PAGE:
Essay

Taunts or Pledges: Reflections on the loss of a son, eight years later

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Jessica Bratt is away for a bit. Today we welcome Branson Parler. He teaches theological studies at Kuyper College in Grand Rapids, Michigan. Thanks, Branson.

While I was worrying about our lost Detroit Tigers tickets, our unborn baby’s life was in danger. I had the tickets when we checked out of the hotel, but when we got to Comerica Park they were gone. This was eight years ago this past weekend. I was frantic about the tickets, ripping through our bags, practically turning the car upside down trying to find them. I had them in my inside coat pocket, and now they were gone. The four of us—me, my wife Sarah, and her parents—were beside ourselves.

A couple days later, as we sat in the hospital room in shock and disbelief, having been told that Sarah’s water had broken and that the baby would most likely be born at about 22 weeks and have little to no chance at living, this whole episode with the tickets stuck with me. It stuck because it was all so intricate. All the details of everything happening just like they did, like they were orchestrated as though God was trying to make a point through this weird sequence of events, as though life was an intricately-interconnected episode of Lost or something. But what was God’s point? I’ll give you back your Tigers tickets through this bizarre sequence of events, but not your baby?

Ticketless, outside Comerica Park, as we tried to figure out what to do about the mystery of the missing tickets, Sarah mentioned she had seen a flash of white when I had jumped out of the car back at the hotel. Why had I jumped out of the car in a mad rush? Because my mother-in-law had frantically remembered she left her purse in the breakfast area of the hotel, we had come screeching to a halt half a block away from the hotel and I had sprinted back (the purse was still there). Since we’d rummaged through every bag and every nook and cranny of the car, this seemed like the only plausible option left.

Believe me, I was not a happy camper on the drive from Comerica back out to the hotel. Had Sarah really seen a flash of white? It seemed impossible that an envelope tucked in the inside coat pocket of my zipped jacket could somehow jettison itself out, and me all the while oblivious. And of course this never would have happened if someone hadn’t been so irresponsible in forgetting their purse, forcing us to stop in the first place. This whole trip was going to be in vain—just wasted time and wasted money on the tickets, the gas, the hotel room. All of it for naught.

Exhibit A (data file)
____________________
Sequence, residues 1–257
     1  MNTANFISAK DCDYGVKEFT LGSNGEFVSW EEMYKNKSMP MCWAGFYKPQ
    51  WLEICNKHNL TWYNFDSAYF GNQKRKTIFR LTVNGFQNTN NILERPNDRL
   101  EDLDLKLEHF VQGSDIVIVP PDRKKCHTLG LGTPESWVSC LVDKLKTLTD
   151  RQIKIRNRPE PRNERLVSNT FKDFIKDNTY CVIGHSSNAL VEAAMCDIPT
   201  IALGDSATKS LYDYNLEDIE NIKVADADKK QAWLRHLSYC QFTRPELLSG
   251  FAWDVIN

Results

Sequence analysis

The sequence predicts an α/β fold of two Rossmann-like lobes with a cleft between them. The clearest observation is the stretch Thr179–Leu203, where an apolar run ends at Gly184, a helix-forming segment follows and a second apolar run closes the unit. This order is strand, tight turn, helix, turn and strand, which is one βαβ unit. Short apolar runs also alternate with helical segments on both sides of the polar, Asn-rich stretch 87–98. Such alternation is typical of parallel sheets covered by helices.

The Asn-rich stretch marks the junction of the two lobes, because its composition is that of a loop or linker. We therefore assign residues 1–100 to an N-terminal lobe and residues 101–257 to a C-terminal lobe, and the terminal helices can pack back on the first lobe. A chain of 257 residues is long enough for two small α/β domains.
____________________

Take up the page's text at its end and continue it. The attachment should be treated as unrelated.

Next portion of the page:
After our son Stephen was born and died on May 1, 2007, the whole bit with the Tigers tickets felt almost like a taunt from God—“I can make things turn out right. If I want to.” What would it mean to affirm God’s meticulous providence, to thank God for helping us find the lost tickets in the face of losing our son? If I give him praise for the tickets, do I blame him for our son’s death?

We pulled up to the side of the road where we’d stopped due to my mother-in-law’s purse. I jumped out of the car (again) and, unbelievably, there was the envelope with our tickets. A layer of thankfulness and relief washed over my still-seething anger. What are the odds? We all asked ourselves. How did this happen? Why did this happen? What a weird sequence of coincidences and detours—what a story!—that we had for the rest of the family when we finally met up at our seats as, in the end, still got us what we came for: a Tigers game.

The ways of God’s providence are inscrutable. That much I know. But where I initially perceived those lost-and-found tickets as a taunt, I came to see them as a sign and pledge, like Jeremiah’s field, (Jeremiah 32) of God’s goodness. I can’t explain why God would allow us to lose our son, but I’m not afraid of seeing God’s hand in the little (and big) things that go right anymore, even if inexplicable tragedies are unfolding around us. I have learned, especially from Augustine and C. S. Lewis, that the loss of any finite good puts us in position either to cling to what’s passing—to gain the world and lose our soul—or to cling more tightly to God.

God has graciously blessed us with four children since we lost Stephen. God’s goodness isn’t dependent on those children, but in the grander scheme of a world with plenty of tragedy, I see my hoped-for kids the way I now see those lost-and-found tickets: signs and pledges of a God who is always at work in still, small ways, even in—especially in—our tragedies.

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